Setanta has asked the SPL and its other sporting partners the Football Association, the FA Premier League and the US PGA, the American golf body, to make concessions.
Setanta has one season left on its three-year, £392 million deal with the FA Premier League, with a new £159 million three-year deal to follow after that. It also holds rights to show some FA Cup and England games, bought for £150 million in a four-year deal.
I am certainly not the first person to write or state the fact that David Stern, the longtime Commissiioner of the NBA, is a brilliant businessman, a wonderful and loyal US citizen with a proud history, solid political viewpoints and a mastermind at the news podium of the year 1980-2009-and beyond.
Looking back, one of my favorite Stern one-liners came when the commish was testifying before Congress on the Anti-Doping scandals, steroid testing, etc etc. He was at the desk, in front of all the Senators and Congressmen and TV lights with the great Houston Rockets and USOC, USA Basketball athletic trainer Keith Jones at his side and the great general counsel Richard Buchanan backing him up from the "second row."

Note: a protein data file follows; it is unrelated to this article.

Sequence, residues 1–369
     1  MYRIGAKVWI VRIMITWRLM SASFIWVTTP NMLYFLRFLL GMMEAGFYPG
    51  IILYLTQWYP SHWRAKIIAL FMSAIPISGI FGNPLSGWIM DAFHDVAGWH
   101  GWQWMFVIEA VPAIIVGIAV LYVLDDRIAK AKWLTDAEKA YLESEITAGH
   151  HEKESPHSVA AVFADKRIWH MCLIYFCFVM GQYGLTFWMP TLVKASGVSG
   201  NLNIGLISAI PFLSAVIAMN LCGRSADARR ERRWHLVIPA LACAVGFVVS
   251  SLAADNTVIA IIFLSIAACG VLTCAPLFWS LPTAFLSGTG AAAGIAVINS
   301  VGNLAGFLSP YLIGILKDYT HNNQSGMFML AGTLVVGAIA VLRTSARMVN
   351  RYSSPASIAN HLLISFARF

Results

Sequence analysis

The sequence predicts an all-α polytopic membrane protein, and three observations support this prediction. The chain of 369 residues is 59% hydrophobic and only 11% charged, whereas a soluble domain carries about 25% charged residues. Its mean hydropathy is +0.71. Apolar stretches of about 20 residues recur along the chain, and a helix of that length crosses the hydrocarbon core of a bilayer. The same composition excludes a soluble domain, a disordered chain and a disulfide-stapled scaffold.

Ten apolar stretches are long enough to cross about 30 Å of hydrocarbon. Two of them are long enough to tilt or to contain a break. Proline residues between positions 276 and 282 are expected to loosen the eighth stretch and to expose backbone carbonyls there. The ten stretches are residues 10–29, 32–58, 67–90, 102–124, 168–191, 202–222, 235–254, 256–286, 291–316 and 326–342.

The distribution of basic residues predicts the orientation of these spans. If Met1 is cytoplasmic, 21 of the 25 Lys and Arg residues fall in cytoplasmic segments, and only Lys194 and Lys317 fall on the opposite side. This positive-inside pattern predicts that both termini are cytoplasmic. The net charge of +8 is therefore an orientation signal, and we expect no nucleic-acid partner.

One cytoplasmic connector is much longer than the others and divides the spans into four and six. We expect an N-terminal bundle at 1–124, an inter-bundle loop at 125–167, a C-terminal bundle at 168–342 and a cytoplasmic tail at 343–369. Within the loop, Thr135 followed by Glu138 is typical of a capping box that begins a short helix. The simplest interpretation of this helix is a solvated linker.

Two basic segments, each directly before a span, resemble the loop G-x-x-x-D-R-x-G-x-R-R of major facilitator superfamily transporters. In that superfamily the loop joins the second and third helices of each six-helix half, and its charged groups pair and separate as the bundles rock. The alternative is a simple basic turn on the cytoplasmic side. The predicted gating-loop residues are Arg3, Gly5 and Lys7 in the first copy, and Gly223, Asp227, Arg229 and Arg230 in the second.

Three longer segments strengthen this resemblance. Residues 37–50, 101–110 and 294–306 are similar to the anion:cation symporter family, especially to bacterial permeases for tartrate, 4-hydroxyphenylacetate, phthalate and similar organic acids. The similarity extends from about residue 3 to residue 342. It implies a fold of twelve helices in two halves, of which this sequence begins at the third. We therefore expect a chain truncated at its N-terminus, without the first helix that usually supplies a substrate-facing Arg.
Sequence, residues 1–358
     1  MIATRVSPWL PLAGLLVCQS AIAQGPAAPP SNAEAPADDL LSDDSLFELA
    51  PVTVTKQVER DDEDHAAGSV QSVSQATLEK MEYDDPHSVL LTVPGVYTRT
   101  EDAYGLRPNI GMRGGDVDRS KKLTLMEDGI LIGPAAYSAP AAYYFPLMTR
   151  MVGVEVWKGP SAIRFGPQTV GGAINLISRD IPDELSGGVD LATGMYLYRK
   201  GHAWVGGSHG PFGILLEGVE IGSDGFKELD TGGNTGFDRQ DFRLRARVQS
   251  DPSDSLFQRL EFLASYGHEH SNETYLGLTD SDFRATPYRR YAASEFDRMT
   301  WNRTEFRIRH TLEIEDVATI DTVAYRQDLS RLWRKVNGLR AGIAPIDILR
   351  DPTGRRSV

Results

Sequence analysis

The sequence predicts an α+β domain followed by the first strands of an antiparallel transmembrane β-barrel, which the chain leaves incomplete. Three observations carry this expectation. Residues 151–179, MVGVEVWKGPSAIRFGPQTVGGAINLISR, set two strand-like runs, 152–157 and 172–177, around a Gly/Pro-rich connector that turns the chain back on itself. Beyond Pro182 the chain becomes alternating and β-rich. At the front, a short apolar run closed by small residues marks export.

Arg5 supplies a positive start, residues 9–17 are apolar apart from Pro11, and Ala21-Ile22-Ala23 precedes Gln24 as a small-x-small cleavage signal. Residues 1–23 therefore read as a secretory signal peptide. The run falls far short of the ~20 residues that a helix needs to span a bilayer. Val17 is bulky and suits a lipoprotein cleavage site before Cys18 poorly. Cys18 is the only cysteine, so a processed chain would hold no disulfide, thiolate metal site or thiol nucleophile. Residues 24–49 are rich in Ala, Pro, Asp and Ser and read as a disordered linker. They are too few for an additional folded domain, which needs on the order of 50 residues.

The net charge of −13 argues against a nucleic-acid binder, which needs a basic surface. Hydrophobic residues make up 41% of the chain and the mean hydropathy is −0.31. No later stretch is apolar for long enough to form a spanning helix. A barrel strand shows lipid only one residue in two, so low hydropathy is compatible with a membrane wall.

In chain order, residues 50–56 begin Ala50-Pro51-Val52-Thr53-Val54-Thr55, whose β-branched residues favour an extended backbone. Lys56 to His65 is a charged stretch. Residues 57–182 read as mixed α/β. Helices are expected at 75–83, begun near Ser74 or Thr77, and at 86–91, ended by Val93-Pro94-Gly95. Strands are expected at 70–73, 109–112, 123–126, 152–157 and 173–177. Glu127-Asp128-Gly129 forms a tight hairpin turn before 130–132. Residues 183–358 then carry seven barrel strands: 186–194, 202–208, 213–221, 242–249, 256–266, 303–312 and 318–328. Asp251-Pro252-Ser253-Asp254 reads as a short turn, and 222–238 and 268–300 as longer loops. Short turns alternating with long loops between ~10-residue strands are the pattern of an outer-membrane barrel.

Stern agreed with the many politicians who all sought stricter, tougher and more evasive drug testing. He clearly stated the NBA's goals and its desire to rid the sport of any doping issues. He noted that the NBA signed the very FIRST anti-drug agreement in North American professional sports - back in 1983 and the league worked long and hard to build the program and its important side-by-side foundation -- an entire player programs department -- from 1983 to the monumentally terrible 1986 draft/season to the hiring of the great Tom "Satch" Sanders as the league's first Director of Player Programs and so on.
Stern's one-liner that I liked so much: "So Senator, please remember to address this issue in appropriations." (He was implying that all the stricter testing would come at a VERY HIGH COST and that the league was running its business and testing at reates and dollar figure$ that worked quite well).
So, now, to the topic of the day: An ill-informed US congressman from Tennessee walked into the water so far over his head, it wasn't even funny when he started to question the NBA's collective bargaining agreement and the right of the league to set a minimum age standard together with the NBA Players Association.
Seems to me that US Rep Cohen (which almost rhymes with "no-clue-hen") wants to protect all the wonderful players coming up in the ranks, whether they be age 10, 12, 14 or 16 and to be sure he looks out for the long-term good of the nice folks at the NCAA and all of their wonderful "student athletes" in the NCAA Division I, II and III collegiate ranks. He wants to be sure our laws protect the 'little guys" from the big bad professionals - who choose to make their payments on top of the table rather than under the table of via no-return-address-anonymous FedEx packages or phantom summer jobs for said athletes, their friends and family.